>         platforms, and move forward with production testing to confirm
>         concepts hold up under mass scale.  Attempting to wait out
>         this entire process in-line with the current DNT standard
>         conversation will push out completion many months (if not
>         years as I don’t believe this to be a one-time conversation
>         and rather an on-going evolution of privacy preserving
>         technical approaches).
>         - Shane
>         *From:*Tamir Israel [mailto:tisrael@cippic.ca]
>         *Sent:* Friday, July 13, 2012 11:07 AM
>         *To:* Mike Zaneis
>         *Cc:* JC Cannon; Shane Wiley; Roy T. Fielding; Peter
>         Eckersley; W3C DNT Working Group Mailing List
>         *Subject:* Re: Frequency Capping
>         Mike,
>         If there is a solution to F-capping that does not require
>         unique identification of users than this will dramatically cut
>         down the amount of 'tracking' that can occur under DNT-1
>         state. As opposed to some other possible permitted uses, an
>         F-capping exception will permit unique identification of every
>         single individual regardless of DNT state.
>         Look, there's really only 1 question here: is industry willing
>         to at least /explore/ alternative technical solutions that
>         allow f-capping w/out unique identification of users?
>         If the answer is no, that is very disappointing. If the answer
>         is yes, than I refer you back to:
>         http://lists.w3.org/Archives/Public/public-tracking/2012Jul/0075.html
>         Best,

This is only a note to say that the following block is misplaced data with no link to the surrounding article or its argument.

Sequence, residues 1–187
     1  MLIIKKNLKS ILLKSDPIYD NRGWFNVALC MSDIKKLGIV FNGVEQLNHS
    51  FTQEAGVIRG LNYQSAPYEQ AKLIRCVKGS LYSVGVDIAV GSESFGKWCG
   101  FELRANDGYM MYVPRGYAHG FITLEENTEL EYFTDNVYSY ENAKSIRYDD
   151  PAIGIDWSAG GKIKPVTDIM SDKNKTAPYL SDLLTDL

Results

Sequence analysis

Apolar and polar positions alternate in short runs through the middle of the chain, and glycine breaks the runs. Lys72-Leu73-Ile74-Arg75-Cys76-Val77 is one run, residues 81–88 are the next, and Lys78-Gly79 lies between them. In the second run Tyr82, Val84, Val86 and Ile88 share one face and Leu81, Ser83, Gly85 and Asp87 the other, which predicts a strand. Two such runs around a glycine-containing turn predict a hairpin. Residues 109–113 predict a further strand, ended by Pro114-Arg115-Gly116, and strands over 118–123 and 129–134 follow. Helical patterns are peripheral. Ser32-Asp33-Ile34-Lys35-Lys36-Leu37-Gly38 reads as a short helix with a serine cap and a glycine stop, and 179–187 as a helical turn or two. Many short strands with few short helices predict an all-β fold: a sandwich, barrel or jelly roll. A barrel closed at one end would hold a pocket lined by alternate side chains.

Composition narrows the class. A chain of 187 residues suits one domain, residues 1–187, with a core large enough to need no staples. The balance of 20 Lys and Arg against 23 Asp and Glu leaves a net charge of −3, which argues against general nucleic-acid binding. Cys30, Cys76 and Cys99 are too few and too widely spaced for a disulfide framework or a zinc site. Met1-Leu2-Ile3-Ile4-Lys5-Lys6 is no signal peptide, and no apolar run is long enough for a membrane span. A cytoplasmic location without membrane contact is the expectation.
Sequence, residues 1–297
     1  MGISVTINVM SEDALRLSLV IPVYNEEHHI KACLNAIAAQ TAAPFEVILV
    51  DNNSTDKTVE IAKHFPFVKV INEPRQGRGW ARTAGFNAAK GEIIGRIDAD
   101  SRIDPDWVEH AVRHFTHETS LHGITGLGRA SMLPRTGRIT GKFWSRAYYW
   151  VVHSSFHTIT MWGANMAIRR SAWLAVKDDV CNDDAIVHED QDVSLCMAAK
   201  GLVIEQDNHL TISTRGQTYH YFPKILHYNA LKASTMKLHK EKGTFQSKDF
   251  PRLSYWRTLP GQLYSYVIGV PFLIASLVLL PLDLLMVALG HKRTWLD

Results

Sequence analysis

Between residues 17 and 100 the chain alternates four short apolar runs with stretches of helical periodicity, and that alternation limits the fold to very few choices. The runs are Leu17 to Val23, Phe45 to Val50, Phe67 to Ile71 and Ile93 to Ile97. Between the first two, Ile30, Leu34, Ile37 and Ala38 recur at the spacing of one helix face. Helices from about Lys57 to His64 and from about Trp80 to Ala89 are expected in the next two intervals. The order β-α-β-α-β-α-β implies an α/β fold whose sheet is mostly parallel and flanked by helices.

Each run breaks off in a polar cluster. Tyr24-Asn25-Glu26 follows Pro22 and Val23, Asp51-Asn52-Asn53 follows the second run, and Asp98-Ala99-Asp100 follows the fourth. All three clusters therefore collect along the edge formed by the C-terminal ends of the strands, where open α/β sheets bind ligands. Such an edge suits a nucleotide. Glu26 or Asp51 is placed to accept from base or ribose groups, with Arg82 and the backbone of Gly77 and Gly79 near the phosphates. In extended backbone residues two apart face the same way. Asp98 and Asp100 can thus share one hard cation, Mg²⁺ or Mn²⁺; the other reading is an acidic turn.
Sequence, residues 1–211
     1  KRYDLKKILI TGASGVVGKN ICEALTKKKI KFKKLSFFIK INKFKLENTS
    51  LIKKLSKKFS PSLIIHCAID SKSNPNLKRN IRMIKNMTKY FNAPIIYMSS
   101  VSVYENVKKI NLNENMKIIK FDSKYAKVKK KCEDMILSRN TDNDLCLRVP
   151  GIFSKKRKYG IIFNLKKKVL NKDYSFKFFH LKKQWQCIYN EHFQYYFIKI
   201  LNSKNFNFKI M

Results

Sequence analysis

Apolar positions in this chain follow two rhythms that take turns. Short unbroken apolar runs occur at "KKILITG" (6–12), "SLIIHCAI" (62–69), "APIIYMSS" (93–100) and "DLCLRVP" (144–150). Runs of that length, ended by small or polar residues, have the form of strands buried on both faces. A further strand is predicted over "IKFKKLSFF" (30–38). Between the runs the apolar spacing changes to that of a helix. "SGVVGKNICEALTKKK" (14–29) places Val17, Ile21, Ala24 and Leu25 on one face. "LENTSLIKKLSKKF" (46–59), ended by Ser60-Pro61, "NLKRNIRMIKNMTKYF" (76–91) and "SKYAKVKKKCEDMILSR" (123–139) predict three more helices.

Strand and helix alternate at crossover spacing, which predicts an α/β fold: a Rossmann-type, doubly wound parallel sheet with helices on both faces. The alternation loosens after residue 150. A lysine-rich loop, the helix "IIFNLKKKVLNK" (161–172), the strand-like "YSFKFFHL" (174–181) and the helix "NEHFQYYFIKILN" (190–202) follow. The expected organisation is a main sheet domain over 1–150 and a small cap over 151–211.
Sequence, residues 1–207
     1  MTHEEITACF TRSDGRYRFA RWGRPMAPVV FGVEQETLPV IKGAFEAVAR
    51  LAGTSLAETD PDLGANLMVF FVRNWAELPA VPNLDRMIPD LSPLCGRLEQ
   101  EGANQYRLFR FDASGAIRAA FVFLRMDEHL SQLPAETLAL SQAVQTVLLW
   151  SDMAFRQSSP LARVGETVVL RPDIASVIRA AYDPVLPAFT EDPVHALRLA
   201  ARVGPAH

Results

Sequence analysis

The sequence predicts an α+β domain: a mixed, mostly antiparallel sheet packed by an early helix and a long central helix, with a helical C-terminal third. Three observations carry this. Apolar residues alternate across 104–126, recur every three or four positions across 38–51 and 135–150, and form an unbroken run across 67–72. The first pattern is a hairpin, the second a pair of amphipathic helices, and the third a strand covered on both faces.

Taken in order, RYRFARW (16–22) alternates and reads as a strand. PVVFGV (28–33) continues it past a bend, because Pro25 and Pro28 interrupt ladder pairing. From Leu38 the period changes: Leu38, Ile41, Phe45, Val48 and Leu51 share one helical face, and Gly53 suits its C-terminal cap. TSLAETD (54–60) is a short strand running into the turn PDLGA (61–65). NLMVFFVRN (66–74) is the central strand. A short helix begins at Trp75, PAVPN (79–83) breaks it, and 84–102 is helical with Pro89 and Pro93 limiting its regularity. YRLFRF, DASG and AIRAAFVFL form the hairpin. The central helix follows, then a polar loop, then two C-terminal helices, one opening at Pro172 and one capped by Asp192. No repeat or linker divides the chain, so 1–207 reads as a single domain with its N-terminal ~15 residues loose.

>         Tamir
>         On 7/13/2012 1:32 PM, Mike Zaneis wrote:
>         Tamir,
>         At the very first meeting last September this group addressed
>         the fact that under any standard coming out of the W3C that
>         there would still be some "tracking" even with DNT turned on.
>         Newer participants will either have to get comfortable with
>         that fact or the group will have to go back to the beginning.
>         Mike Zaneis
>         SVP & General Counsel, IAB
>         (202) 253-1466 <tel:%28202%29%20253-1466>
>         On Jul 13, 2012, at 12:33 PM, "Tamir Israel"
>         <tisrael@cippic.ca <mailto:tisrael@cippic.ca>> wrote:
>             On 7/13/2012 12:20 PM, JC Cannon wrote:
>             It is not practical to expect many consumers to go through
>             and manage a list of third-party sites. Even the small
>             number of educated users won’t understand all the third
>             parties on a site. Consumers have to feel that when they
>             visit a third-party site that their privacy will be
>             protected and if not, that they have some recourse to
>             address any harm.
>             That too : )
>             Moreover, I feel we should be addressing whether or not
>             frequency capping is a permitted use and not spending time
>             trying to design it in this working group.
>             JC -- I personally don't think it should be a permitted
>             use, primarily because it allows for the possibility of
>             'tracking' in scenarios where a user has expressed their
>             desire not to be tracked. Some others have expressed
>             strongly their impression that some form of F-capping is
>             necessary even in a DNT-1 state. The hope is that there is
>             a technical solution to resolve this impasse.
>             Best,
>             Tamir
>             JC
>             *From:*Tamir Israel [mailto:tisrael@cippic.ca]
>             *Sent:* Friday, July 13, 2012 9:01 AM
>             *To:* Shane Wiley